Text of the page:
Here are my race splits. Keep in mind that I am by no means a “fast runner.” In fact, I would consider myself average at best! But that’s the thing about running, you are there to challenge yourself. To push yourself. To do your personal best. It doesn’t matter if it takes you under 90 minutes or over 3 hours to finish. Breaking through the mental and physical challenge of running 13.1 miles is such a feat, no matter the time you complete it in!
My previous PR was 2:09.44, which I ran in Atlanta on Thanksgiving nearly 3 years ago! Last November I fell short by less than a minute and was extremely disappointed. I had a goal this year of running a 9:30 mile/minute pace to give myself a little wiggle room to get under 2:09. In fact, at the 10k mark, I was on track for running a sub-2 hour race! I was feeling really strong and was so proud of the race I was running. As you can see from my splits, I started to fall apart around mile 8. I specifically remember the moment when I thought “I still have 5 more miles left. There is not way I can keep running this fast for 50 more minutes!” My legs were starting to feel heavy, I was breathing hard, and was just all around exhausted. A lot of the race was along the shoreline and there was a strong breeze, but around that time we turned inland and lost that benefit. At this point too, the humidity was almost unbearable as the sky braced itself for rain in the near future. I could feel the heat radiating from my face and was feeling defeated. (Again, I despise running in the heat and humidity more than anything) I allowed myself to back it off a little bit for mile 10 to get back in the right headspace and finish the race strong. Just before mile 11, there was a hairpin loop and as I went around the tight turn, I could feel a blister that had been growing steadily throughout the race on my foot split open from the added friction placed on my skin. My foot felt like it was on fire! At mile 12, I was in a lot of pain from my open blister and had a hard time pepping myself up to finish strong. I lost a lot of my nice time cushion I had worked so hard to create, but knew if I kept running at a decent pace that I would still be able to PR. This past training program, my main focus was on going all out for my last mile of the long run. I wanted to get my body accustomed to running fast after it was exhausted. I trusted my training and took it home as best as I could. While it wasn’t under 9 minutes like it had been in training the past few weeks, I’m still happy that I was able to finish strong. I was able to block out most of the thoughts surrounding the painful blister and overheating by counting to 8 over and over again. I developed this method accidentally a month or so ago and realized that it really helps me run fast and not over-think everything in that last mile where you have a specific goal to reach.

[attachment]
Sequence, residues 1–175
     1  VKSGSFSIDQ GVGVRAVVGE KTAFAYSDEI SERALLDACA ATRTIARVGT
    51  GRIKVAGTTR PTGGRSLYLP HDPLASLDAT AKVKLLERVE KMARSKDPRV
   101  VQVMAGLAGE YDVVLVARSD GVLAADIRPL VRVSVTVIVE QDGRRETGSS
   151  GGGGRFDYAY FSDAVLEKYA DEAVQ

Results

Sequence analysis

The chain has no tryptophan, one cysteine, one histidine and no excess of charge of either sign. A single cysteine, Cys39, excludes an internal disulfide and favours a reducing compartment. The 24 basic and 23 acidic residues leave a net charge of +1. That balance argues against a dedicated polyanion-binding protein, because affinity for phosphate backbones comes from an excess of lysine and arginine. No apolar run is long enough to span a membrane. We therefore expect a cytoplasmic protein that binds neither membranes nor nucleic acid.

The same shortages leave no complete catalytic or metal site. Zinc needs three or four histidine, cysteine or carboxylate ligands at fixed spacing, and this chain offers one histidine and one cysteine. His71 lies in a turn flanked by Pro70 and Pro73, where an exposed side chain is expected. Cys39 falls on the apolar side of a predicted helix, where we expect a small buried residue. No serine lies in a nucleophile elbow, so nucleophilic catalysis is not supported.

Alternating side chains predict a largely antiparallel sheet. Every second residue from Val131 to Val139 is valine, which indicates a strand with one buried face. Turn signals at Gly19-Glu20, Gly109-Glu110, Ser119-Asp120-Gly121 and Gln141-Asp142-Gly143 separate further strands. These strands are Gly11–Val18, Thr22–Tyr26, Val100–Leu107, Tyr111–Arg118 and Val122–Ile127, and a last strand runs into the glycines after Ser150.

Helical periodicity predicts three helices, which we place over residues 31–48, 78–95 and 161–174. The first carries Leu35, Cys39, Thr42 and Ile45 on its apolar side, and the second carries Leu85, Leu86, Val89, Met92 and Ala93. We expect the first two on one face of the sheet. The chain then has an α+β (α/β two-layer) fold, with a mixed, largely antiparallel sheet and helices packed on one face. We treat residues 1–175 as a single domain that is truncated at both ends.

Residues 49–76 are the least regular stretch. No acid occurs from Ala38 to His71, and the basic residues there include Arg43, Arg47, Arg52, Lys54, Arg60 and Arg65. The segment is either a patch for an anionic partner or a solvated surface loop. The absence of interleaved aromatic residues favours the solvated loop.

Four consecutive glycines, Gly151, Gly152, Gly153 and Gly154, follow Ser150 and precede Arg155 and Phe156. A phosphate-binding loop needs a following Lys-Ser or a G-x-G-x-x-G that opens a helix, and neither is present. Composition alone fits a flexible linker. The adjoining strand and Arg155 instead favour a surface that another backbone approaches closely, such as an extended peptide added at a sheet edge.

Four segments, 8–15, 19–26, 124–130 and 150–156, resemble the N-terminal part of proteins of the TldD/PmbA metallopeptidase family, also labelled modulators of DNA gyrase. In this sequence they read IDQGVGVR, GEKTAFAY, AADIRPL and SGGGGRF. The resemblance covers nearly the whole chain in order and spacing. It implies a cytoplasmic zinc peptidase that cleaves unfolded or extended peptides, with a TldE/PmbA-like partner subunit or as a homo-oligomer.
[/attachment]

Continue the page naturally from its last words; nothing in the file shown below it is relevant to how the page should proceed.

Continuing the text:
This race had RaceWire provide FREE photo downloads, which is incredible! Absolutely another plus to the race! I don’t think I have run another race that provided free photos.
I will say that the race finish area was a bit of a disappointment. There were two flags that said FINISH, but they weren’t visible from very far away and it left you wondering “when is this going to end?” as you were rounding the curvy seaside at the end. I found myself feeling a little frustrated when I thought I was close to the finish, but couldn’t really tell exactly where it was. I thought I was about to finish for the last half mile, which is a looooooong time to think you are almost done! I think investing in a finish arch of some sort rather than flags would be a welcome touch!
I was so happy to finish! Every time you finish a race you feel victorious, but adding in a PR and knowing you ran faster that race than you ever have before makes it even sweeter. Oh happy day!
I planted myself just before the finish line along the fence and watched for a few minutes while I waited for Paul to cross! I started cheering when I saw him run by, but I knew he didn’t hear or see me because he didn’t look at me or give any sign that he knew where I was. That’s okay though! I could tell he was totally in the zone and was solely focused on finishing the race. Paul dropped 21 minutes from his previous PR that he ran 6 years ago! I am beyond proud of all the hard work he put in the past few months! I’ve been trying to tell him for years that using a training program and not winging it really works… now he is a believer!
After the race, they had a great assortment of food for the runners to replenish their depleted glycogen stores with. My personal favorite included cups of chicken noodle soup! They also had clam chowder I believe, but since I do not like seafood, I didn’t pay much attention to that. The soup was a nice addition from the usual race fare of bananas and bagels! (If you are more of a traditionalist, they had bagels and fruit as well) It was a little bit difficult to hold the snacks though. I had a water bottle, mini Gatorade bottle, cup of piping hot chicken noodle soup, and an apple I was trying to juggle. A plastic bag or drawstring backpack would have made walking with our food a lot safer! I was terrified I was going to spill the soup all over myself while we were walking to find somewhere to sit down with it to eat because I was still a little uneasy on my feet after the race.
This race was voted “Best Half Marathon in the Northeast” by Competitor magazine and I can definitely see why! The course was beautiful as you ran around the adorable downtown area, wound through Newport’s breathtaking coast, past the historic Gilded Age mansions, and around the Rhode Island countryside (including past some farm animals). There are no steep hills, but rather gentle rolling hills throughout. Plus, how adorable is that pineapple medal?! I love it!
We took the bus back to our car and drove on over to our hotel. Post-race showers are the best showers, aren’t they? We stopped by P.F. Chang’s on our way back home and thoroughly enjoyed our meal!
A successful race was had by all! Now… what’s next?